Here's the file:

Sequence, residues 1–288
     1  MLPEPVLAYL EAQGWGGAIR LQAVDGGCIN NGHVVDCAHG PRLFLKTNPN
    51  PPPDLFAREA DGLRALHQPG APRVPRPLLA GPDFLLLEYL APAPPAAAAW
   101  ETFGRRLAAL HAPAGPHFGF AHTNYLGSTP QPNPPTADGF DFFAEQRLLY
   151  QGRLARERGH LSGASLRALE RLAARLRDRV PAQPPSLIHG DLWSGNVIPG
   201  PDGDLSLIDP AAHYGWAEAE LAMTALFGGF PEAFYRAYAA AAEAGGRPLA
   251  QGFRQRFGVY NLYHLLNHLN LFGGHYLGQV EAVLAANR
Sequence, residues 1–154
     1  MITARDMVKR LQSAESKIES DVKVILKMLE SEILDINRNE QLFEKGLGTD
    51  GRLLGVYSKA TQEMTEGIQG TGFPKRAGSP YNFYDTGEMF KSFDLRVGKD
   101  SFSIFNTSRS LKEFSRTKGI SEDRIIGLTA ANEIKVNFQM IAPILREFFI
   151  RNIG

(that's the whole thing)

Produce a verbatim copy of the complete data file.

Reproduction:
Sequence, residues 1–288
     1  MLPEPVLAYL EAQGWGGAIR LQAVDGGCIN NGHVVDCAHG PRLFLKTNPN
    51  PPPDLFAREA DGLRALHQPG APRVPRPLLA GPDFLLLEYL APAPPAAAAW
   101  ETFGRRLAAL HAPAGPHFGF AHTNYLGSTP QPNPPTADGF DFFAEQRLLY
   151  QGRLARERGH LSGASLRALE RLAARLRDRV PAQPPSLIHG DLWSGNVIPG
   201  PDGDLSLIDP AAHYGWAEAE LAMTALFGGF PEAFYRAYAA AAEAGGRPLA
   251  QGFRQRFGVY NLYHLLNHLN LFGGHYLGQV EAVLAANR
Sequence, residues 1–154
     1  MITARDMVKR LQSAESKIES DVKVILKMLE SEILDINRNE QLFEKGLGTD
    51  GRLLGVYSKA TQEMTEGIQG TGFPKRAGSP YNFYDTGEMF KSFDLRVGKD
   101  SFSIFNTSRS LKEFSRTKGI SEDRIIGLTA ANEIKVNFQM IAPILREFFI
   151  RNIG